Of the 15,000 students set to attend Memphis-Shelby County Schools Enrichment Camps this summer, at least hundreds of students will need to attend to advance to third grade.

The borough plans to enroll first and foremost CE2 students who need to improve their reading skills as part of the “commitment third” policy implemented this school year.

Like a State third grade retention law Scheduled to take effect next school year, the district policy requires second-graders to achieve 8 points on a 12-point scale designed to assess literacy milestones.

“Third year is too late”:SCS to move forward with sophomore reading retention policy

It’s a policy intended to improve the reading performance of some of the district’s youngest students, in the years when researchers say learning to read is most important. In explaining the impacts of the policy, district and school leaders described a cycle they say starts with low literacy and can end up missing high school graduation, incarceration and poverty.

In recent years before the pandemic, about a quarter of third-grade students in the district were reading at the grade level. That figure fell to 14% last year, with even fewer of the district’s economically disadvantaged and English-learning students reading on track, far from a target of 90% in 2025. The neighborhood recently revised the objective 74% of students reading on track for college by 2030.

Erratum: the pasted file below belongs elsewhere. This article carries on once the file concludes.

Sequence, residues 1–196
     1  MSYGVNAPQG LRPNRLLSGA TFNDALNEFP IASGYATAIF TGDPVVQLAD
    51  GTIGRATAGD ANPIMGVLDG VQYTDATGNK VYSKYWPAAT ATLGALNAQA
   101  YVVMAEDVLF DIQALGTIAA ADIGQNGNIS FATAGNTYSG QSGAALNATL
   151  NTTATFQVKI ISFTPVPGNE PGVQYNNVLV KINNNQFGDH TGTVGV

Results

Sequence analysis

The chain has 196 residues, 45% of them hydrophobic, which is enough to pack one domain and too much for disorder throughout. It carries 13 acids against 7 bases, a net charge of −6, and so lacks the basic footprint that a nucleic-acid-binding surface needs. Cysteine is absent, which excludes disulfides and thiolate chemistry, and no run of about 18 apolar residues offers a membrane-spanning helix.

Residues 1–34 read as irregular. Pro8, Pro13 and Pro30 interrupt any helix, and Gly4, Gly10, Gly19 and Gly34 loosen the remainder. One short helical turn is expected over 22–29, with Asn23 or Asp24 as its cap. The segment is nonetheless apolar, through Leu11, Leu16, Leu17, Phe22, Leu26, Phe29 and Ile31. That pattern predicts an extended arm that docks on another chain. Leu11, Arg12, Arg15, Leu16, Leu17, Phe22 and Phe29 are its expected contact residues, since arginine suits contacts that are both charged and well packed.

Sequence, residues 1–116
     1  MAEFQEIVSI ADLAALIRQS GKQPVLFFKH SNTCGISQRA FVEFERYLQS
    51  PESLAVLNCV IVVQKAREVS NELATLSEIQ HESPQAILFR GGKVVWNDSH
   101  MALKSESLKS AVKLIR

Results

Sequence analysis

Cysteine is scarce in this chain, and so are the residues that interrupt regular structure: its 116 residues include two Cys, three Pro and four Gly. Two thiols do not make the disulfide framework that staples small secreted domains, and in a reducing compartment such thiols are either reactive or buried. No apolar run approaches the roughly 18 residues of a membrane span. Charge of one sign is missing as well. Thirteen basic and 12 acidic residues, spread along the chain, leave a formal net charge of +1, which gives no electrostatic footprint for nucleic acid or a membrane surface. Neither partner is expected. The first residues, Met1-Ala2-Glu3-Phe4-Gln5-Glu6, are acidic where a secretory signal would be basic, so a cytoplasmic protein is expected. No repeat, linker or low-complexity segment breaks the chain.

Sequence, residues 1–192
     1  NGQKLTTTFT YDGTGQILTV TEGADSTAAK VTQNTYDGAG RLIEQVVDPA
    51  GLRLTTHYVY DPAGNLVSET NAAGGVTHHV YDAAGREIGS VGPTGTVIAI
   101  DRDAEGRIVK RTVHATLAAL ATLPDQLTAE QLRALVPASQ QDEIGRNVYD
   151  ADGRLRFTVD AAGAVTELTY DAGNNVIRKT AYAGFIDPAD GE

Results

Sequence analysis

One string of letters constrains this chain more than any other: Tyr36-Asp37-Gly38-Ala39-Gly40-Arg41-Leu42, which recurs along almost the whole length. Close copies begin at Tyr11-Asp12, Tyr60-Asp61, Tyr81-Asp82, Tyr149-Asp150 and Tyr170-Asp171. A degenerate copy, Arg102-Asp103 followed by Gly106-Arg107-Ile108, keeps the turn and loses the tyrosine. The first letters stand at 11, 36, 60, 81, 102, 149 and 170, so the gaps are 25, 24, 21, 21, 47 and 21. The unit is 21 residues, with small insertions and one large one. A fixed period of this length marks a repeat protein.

Reagan Featherson, 6, right, and Spencer Brice Kimble, 7, work on an art project detailing the four seasons during Treadwell Elementary School's Summer Academy on Wednesday, July 21, 2021.

Although the district is “held harmless” for the results, these scores and more recent tests indicate that students suffered losses in reading and recovery did not rebound as quickly as in math. Districts across the country have similar stories of their students, and for many, reading scores were falling before the pandemicthat the experts said widened existing achievement gaps.

Recent test results show that pandemic disruptions have impacted first- and second-grade students learning to read more than their kindergarten and third-grade counterparts. Sophomores this school year were sent home two years ago from kindergarten as the pandemic took hold, and many have spent most of the first year learning virtually at the MSCS.

Continued:Pandemic first graders are way behind in reading. Experts say they can take years to catch up.

How the MSCS Measures Reading Success for Second Grade Students

By creating its own policy for sophomores, the district anticipates some of the far-reaching impacts anticipated for the state law by tailoring its second-degree remediation to some of the law’s exceptions to retention. Previously retained students are exempt from third-year retention, for example, as are students who have attended a number of summer camps or tutoring.